Review of 'Britain in Numbers', Simon Briscoe, Politico's £14.99
It may be sad, but I love statistics! However inaccurate, they undermine the Thatcherite cry that 'there is no such thing as society'. You cannot have a statistic that brings more than two people together as a group before generalising to reflect social trends and tensions.
Statistics can be seditious. Just look at the Make Poverty History advert with a child dying every three seconds - on the click of a celebrity's fingers - to observe the power of numbers.
Today there is a propaganda war of information and misinformation to win hearts and minds to one solution rather than another, in which 'facts' can be easily lost to spin, partial emphasis, and omission. Most workers complain of information overload with even the most discerning and informed falling foul of spoof websites or the lies of the far right. Who knows what to believe?
As Simon Briscoe, statistical editor of the Financial Times, says, with such confusion 'political debate suffers, a democratic deficit opens up, and voters are left feeling disenfranchised'. The recent explosion of data and statistics requires context and clarification.
Briscoe has produced a thick, accessible paperback of mostly the written word offering a detailed analysis of government management of statistics. He exposes Whitehall manipulation, camouflage and meddling. For example, he compares the government method for producing unemployment figures with those of researchers at Sheffield Hallam University, who identified 2.8 million claimants in 2002 compared with under 1 million officially. The explanation offered is the role of sickness benefits and further education in masking the true extent of the non-working poor.
The domination of social and economic class jumps out of page after page. Briscoe considers poverty classifications, citing child poverty increasing from one in ten children in Britain in 1979 to one in three in 1998 and around 30 percent now. The huge polarity between comfortable and poor pensioners is just as recognisable, with 90 percent of the poorest fifth relying solely on the state pension of around £80 per week. The gap between rich and poor generally is stark by any definition (and there are many). Nearly half of all adults in Britain lived for at least one year in poverty in the last decade, while the richest half own 95 percent of all wealth.
Briscoe asks, 'Has "social exclusion" become a chosen concept because it is harder to define than poverty?' The question itself is ambiguous and so are many of his points. On asylum, he prefers the UNHCR assertion that 23 percent of asylum seekers arriving in Europe came to Britain in 2002, rather than the Refugee Council's statement that 'Britain takes only 2 percent of the world's refugees'. The use of statistics is wholly political, even when compiled by a statistician claiming to seek unbiased fact. But, usefully, all references offer a selection of websites for further reading and thereby a certain autonomy for the reader.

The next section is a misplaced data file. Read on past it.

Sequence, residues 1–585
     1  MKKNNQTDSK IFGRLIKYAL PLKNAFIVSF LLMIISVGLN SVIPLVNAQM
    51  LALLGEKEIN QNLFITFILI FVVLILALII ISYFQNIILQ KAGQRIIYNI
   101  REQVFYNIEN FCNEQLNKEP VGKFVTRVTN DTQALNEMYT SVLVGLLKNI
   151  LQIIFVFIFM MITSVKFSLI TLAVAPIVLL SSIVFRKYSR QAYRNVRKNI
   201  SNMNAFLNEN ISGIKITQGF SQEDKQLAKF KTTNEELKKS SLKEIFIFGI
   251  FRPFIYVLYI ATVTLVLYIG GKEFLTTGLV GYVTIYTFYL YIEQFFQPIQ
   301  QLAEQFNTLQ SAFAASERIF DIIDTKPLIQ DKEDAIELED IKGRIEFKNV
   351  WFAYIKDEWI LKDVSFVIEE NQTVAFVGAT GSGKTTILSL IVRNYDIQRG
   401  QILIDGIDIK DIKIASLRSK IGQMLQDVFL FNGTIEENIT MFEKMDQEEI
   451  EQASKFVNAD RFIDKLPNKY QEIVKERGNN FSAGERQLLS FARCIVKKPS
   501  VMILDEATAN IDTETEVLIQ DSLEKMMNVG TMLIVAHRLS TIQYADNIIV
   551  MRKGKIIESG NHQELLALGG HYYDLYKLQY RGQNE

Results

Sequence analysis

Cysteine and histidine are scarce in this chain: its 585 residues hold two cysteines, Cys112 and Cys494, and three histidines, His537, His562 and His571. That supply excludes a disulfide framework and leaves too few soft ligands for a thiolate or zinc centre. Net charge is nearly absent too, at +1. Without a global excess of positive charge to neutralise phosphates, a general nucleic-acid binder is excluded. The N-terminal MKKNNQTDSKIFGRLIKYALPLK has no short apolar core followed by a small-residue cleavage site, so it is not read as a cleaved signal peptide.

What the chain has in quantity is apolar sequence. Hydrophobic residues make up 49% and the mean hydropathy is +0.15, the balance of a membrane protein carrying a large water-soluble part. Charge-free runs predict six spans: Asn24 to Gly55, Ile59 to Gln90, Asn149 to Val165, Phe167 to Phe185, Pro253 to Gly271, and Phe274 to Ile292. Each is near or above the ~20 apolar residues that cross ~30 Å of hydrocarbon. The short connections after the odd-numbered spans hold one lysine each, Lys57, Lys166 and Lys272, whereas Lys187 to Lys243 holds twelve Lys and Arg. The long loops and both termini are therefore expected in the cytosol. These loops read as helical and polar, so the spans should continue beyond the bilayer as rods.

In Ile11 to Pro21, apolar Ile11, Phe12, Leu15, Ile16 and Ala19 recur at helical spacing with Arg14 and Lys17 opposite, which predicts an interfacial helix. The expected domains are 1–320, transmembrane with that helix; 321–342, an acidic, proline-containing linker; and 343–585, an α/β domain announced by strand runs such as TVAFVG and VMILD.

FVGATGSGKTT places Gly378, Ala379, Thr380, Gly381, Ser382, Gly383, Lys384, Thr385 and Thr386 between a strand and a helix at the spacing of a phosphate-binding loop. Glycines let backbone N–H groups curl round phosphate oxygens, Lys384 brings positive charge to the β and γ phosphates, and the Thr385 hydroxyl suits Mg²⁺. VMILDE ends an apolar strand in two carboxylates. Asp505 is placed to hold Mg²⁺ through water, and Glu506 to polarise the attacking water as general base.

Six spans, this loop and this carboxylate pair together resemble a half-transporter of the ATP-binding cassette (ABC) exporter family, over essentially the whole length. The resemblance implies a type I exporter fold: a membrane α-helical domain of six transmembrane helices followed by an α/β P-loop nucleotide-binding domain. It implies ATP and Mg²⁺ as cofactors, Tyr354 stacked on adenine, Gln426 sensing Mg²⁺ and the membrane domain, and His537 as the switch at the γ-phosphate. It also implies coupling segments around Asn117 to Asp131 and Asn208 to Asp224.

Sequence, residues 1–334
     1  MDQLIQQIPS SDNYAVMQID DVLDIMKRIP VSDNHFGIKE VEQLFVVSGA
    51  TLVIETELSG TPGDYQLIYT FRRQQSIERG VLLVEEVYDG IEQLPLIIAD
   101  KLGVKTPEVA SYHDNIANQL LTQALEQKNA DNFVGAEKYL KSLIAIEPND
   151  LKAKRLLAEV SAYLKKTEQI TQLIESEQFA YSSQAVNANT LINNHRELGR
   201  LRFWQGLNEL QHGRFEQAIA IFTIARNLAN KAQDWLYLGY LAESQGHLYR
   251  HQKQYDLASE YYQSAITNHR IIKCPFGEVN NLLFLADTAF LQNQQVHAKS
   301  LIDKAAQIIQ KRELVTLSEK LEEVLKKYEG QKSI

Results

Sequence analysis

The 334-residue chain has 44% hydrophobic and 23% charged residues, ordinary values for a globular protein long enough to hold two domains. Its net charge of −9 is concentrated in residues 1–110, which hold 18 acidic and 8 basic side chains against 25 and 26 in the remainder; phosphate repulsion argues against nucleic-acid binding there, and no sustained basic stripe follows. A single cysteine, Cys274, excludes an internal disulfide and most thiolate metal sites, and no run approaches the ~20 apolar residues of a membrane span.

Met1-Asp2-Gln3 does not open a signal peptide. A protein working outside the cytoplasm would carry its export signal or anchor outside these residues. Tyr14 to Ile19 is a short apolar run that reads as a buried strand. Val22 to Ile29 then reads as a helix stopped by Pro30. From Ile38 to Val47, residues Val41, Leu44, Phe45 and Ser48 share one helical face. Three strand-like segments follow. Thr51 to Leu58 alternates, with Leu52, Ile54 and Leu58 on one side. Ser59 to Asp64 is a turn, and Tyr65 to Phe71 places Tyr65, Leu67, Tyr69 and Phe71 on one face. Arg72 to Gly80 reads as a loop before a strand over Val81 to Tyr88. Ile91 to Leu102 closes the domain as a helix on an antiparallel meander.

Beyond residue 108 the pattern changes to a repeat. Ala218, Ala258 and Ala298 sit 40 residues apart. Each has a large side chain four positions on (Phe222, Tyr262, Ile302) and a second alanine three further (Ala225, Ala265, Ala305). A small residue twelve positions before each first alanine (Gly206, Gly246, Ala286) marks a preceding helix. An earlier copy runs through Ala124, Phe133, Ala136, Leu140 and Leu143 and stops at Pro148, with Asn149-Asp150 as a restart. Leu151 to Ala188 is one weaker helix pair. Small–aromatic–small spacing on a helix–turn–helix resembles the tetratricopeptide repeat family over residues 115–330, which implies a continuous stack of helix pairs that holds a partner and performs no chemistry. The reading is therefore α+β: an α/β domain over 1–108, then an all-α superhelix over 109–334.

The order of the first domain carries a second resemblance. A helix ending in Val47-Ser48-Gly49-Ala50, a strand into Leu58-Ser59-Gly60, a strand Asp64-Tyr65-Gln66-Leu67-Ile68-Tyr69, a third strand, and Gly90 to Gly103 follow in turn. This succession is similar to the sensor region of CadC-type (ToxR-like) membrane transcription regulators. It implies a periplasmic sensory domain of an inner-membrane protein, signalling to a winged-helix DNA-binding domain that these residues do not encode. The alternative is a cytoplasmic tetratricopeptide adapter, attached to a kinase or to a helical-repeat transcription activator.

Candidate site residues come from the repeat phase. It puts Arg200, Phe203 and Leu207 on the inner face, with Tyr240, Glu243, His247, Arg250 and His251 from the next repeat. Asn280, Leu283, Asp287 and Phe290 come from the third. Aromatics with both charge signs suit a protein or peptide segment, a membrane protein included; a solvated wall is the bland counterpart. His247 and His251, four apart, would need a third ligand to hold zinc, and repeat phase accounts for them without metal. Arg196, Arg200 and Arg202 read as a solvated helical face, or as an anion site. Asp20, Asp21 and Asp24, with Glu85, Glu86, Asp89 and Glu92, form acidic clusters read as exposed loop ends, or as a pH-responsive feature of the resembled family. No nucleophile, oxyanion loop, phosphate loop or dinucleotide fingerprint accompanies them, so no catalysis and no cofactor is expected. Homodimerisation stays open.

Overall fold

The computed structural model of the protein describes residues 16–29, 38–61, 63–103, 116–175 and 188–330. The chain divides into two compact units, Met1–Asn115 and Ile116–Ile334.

Briscoe's great strength is in discussing the politics of official statistics. For example, in a style reminiscent of the Ridley Plan to smash the unions, the Rayner Report of 1980 concluded that the Central Statistics Office was 'too heavily committed to serving the public at large'. Thatcher was able to cut statistical services to the sole duty of serving central government requirements. The process has continued ever since. One notable recent loss is the annual 'Economic Trends' article showing tax and social security spends in comparison with other countries - 'a blow', Briscoe suggests, 'to the democratic accountability of policymakers'.
There is now a crisis of the official statistic. Many government departments take scant notice of facts on which to base services, fuelling the dependence upon ideology in determining waiting list targets or funding triggers for local authorities. Briscoe illustrates how difficult it is to find properly analysed conclusions in strategy documents despite the huge growth in raw data. Equally, the domination of 'targets' has replaced the construction of informed social policy.
One implication of the recently published Identity Cards Bill is the shift towards personal rather than collective information, and similarly individualised responses from the state. This fragmentation of statistics reflects the fragmentation of society to a point where, perhaps strangely, we all need to defend the right to accurate collective statistics produced independently of government or corporations. For a start, that means saying No to ID cards.